As a result by 2016 the human population had increased almost 8-fold in 200 years and fully half of the human race had escaped poverty for the first time ever. All this during the first two phases of globalisation … even as politically flawed as both of them were. These are facts that are incontrovertible. It is impossible such a stunning change in the fortunes of so many billions of ordinary people could have happened absent global communication, trade, travel, regulations and services. The scientific, industrial and democratic revolutions may have gotten painfully underway in Europe, but they are now spread almost everywhere.

          Right up to Tiananmen Square. After this the CCP doubled down. Under Xi Xinping they closed their society down, the Great Firewall was split the internet in two, the oppression of minorities and religions intensified. And most critically they made it clear that they regarded the time of the US to be over … and that henceforth China would rule the world in the old imperial style. The old idea of Chinese superiority, as expressed in the term "The Middle Kingdom" at the centre of the world was exhumed and given official approval. Far from wanting to participate in Pax Americana, the CCP has determined it wants to overthrow it and impose a new order centred in Beijing, run according to CCP totalitarian imperial dictates.

          It's taken the Western world a while to notice this. COVID 19 is going to damage CCP credibility severely, despite the propaganda storm being unleashed on the West at this moment.  Their gaming during the month of February to ensure the virus would travel outside China as widely as possible is becoming apparent. The folly of having so much global supply chain concentrated in the one nation that has openly declared it's hostile imperial intentions is becoming obvious.  And if they exploit the next few months of global crisis to invade Taiwan … all bets are going to be off indeed.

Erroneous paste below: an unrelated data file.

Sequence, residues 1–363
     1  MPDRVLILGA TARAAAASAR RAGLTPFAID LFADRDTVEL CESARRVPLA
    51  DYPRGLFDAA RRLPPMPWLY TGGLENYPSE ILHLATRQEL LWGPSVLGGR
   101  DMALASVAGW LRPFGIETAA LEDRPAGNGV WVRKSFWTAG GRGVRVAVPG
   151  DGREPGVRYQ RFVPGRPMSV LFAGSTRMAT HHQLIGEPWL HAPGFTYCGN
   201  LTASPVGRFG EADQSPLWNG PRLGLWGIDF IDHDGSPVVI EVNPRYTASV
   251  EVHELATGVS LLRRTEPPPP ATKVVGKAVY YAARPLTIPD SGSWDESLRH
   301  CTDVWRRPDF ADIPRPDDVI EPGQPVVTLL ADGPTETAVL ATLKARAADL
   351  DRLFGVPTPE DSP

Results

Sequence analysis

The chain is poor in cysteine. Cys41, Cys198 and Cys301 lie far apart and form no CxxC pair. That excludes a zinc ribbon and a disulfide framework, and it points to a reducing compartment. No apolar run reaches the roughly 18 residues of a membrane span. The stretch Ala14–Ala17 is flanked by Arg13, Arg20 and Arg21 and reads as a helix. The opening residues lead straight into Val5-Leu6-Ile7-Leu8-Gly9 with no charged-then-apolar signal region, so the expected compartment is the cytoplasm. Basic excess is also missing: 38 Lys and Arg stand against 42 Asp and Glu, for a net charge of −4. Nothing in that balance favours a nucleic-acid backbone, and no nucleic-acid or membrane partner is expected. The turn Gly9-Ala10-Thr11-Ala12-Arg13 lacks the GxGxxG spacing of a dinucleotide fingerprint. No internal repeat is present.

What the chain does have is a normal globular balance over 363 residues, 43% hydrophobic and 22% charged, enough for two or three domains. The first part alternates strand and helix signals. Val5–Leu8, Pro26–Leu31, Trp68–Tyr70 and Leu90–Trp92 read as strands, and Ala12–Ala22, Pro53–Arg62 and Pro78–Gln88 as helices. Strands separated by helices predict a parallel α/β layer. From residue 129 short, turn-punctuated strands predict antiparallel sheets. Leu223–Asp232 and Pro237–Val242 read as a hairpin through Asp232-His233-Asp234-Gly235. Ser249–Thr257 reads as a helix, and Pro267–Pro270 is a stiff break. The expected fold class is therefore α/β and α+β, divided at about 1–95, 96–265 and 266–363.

• Blazer

            Your very subjective views of history cannot withstand scrutiny Red.

            e.g-'the UN was formed in the hope we might not have to live through such events again'….they tried that with the League Of Nations…the UN with its veto powers is shown up time and again as being quite toothless regarding international mediation in conflicts.

            'Their gaming during the month of February to ensure the virus would travel outside China as widely as possible is becoming apparent'….where's your evidence?

            Does Globalisation equate to Empire?

            China,Russia and non compliant countries(to the U.S …'we don't have friends….only business interests)who realise that the $U.S and its control of the IMF,B.I.S and World Bank allow it unfair advantage are wanting a more level playing field.

            The U.S has invaded/interfered with 37 nations since WW2 ,and some like Chile were democratic regimes.

            Sanctions and financial constraints is now the preferred method of aggression.


            • RedLogix

              Does Globalisation equate to Empire?

              I'm honestly not sure quite what you mean by this, but the answer is in principle no. If you had bothered to read my comment carefully you would see that I described both of the existing phases of globalisation (the first from 1850 to 1914 and the second from 1945 to present day) as being 'politically flawed. 

              The first phase entirely lacked any global regulation whatsover, and the inevitable clash of empires resulted in WW1. The League of Nations was widely regarded as a good idea, but too limited in scope.

              Post WW2 the UN was a far more serious attempt. But it too had several distinct flaws. One I outline below, and the other of course is that it was far too US-centric. And global institutions such as the WTO, World Bank and IMF were very prone to seeing the world through an American lens. 

              This might not have been necessarily fatal over time, but the next flaw undermined the UN concept right from the start.

              the UN was formed in the hope we might not have to live through such events again'….they tried that with the League Of Nations…the UN with its veto powers is shown up time and again as being quite toothless regarding international mediation in conflicts.